No, it’s not always about memories of CLR James’ famous book of early 60s and nor about the nostalgia for Caribbean dominance in most of the 70s and 80s – a period that also saw West Indies lifting two consecutive World Cups in 1975 and 1979. There is something else that excites you about the prospects of West Indies putting up a good show in the ongoing World Cup.
Earlier this week former Australian skipper Steve Waugh called the current West Indies team the “most watchable team” at the World Cup and the one which “every side in this tournament will be wary of playing”. What, however, is more important is Waugh’s second point. Even in its steep descent from past glory, the team retained a measure of distinct attraction because of the natural flair and approach it brought to the cricket field. But, now what’s more heartening is the fact that it is again emerging as a formidable opposition for any top team in the world cricket.
That change in its self-perception as well as how other teams view West Indies in this World Cup is significant. Even after winning two world tiles in the game’s shortest format, T-20, in the last seven years (2012 and 2016), it was difficult to imagine even its one-day team (leaving aside test cricket) more than a ragbag formation of T-20 freelancers. With such a unit made up of mercenaries playing T-20 leagues around the globe for different franchise teams, it became difficult to see the team replicating its success beyond its T-20 exploits.
To draw an analogy from the different independent islands that constitute the Caribbean team, its playing eleven in test cricket and one-day games looked like islands adrift. To some extent, this year has weakened such perceptions. Early this year, they won a test series at home against England and are looking good in the early stages of the World Cup. While Waugh still identifies the team’s one-dimensional game against quality bowling and fielding as obvious weaknesses, he reckons that the team is equipped with “a batting line-up that can kidnap any bowling attack with brute force” and is seeing revival of their “fast-bowling depth”.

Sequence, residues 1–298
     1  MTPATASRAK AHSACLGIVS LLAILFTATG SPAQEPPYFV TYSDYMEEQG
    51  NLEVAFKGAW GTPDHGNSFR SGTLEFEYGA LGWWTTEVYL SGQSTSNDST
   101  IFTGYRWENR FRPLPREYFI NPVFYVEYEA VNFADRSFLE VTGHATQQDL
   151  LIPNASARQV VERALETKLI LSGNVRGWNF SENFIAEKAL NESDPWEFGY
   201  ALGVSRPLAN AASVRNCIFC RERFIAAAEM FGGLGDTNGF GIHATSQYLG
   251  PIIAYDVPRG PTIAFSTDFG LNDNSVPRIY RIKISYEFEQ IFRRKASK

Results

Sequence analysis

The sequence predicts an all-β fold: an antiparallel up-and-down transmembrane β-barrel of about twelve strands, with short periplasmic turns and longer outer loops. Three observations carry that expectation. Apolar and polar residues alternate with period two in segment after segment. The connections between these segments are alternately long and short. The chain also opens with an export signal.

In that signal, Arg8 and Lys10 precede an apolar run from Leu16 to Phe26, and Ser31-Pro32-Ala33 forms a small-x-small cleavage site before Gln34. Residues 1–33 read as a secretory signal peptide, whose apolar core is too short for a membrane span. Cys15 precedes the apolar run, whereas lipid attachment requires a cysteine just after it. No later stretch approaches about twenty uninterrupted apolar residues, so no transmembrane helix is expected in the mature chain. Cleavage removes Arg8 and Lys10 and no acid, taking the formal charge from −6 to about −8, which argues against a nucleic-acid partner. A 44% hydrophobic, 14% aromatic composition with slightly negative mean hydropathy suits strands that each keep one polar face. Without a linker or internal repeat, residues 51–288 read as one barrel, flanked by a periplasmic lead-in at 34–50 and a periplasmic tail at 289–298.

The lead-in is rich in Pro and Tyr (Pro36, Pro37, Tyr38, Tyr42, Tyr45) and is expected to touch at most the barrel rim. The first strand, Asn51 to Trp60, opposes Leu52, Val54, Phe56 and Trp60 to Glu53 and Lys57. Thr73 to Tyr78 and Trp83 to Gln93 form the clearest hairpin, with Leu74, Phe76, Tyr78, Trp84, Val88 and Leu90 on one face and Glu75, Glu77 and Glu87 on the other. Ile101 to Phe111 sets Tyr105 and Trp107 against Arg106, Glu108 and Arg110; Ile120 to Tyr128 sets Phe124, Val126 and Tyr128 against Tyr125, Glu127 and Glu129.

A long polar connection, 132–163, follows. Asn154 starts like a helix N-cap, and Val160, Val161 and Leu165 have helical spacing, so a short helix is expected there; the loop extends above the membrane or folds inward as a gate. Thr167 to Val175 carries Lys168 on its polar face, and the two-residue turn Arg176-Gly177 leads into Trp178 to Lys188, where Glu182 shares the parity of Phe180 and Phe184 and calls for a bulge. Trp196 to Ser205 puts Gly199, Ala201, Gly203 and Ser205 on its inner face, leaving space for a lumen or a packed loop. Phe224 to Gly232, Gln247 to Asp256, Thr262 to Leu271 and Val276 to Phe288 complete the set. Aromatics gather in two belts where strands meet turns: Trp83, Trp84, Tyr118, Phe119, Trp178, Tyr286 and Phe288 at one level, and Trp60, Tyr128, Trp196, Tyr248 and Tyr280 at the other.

The team’s batting strength, not always brute force, is visible in the seasoned Chris Gayle, Lewis, Sai Hope and of course Andrel Russel, who had a sensational IPL this year. However, it’s the approach of the pace battery that has made the team’s bowling a revelation in the early days of the tournament. Writing in the The Daily Telegraph, Scyld Berry has identified aggressive short-pitched bowling by Windies pace bowlers as one of top trends in the early part of the tournament.
“Oshane Thomas, Sheldon Cottrell and Andre Russell. The three of them reduced Pakistan to 62-4 (to be dismissed for 105) and Australia to 38-4. It is doubtful whether any previous World Cup has seen such aggressive short-pitched fast bowling,” Berry writes. Moreover, as Waugh wondered, that attack could be menacing considering the fact that Windies were without their current best — Kemar Roach and Shannon Gabriel.
The evident potential of a rejuvenated Jason Holder led-Windies team can be good news for competitiveness in world cricket, though their notoriety for self-destruction and unpredictability would still not convince many.
The immediacy of this need for competitiveness probably best explains why many want the team to get back to its old winning ways but in a very different cricket world today. That, however, does not completely rule out the other more talked-about source of its persistent appeal: nostalgia for what once was the very idea of dominance in world cricket and the natural flair the Caribbean heroes brought with a very distinct brand of cricket.